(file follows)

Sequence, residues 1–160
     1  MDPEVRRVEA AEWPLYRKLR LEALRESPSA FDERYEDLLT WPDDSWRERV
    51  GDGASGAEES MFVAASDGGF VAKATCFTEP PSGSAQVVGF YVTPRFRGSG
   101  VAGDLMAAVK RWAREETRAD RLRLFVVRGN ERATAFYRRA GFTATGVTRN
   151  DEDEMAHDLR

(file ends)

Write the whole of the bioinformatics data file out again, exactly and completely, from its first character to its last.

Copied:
Sequence, residues 1–160
     1  MDPEVRRVEA AEWPLYRKLR LEALRESPSA FDERYEDLLT WPDDSWRERV
    51  GDGASGAEES MFVAASDGGF VAKATCFTEP PSGSAQVVGF YVTPRFRGSG
   101  VAGDLMAAVK RWAREETRAD RLRLFVVRGN ERATAFYRRA GFTATGVTRN
   151  DEDEMAHDLR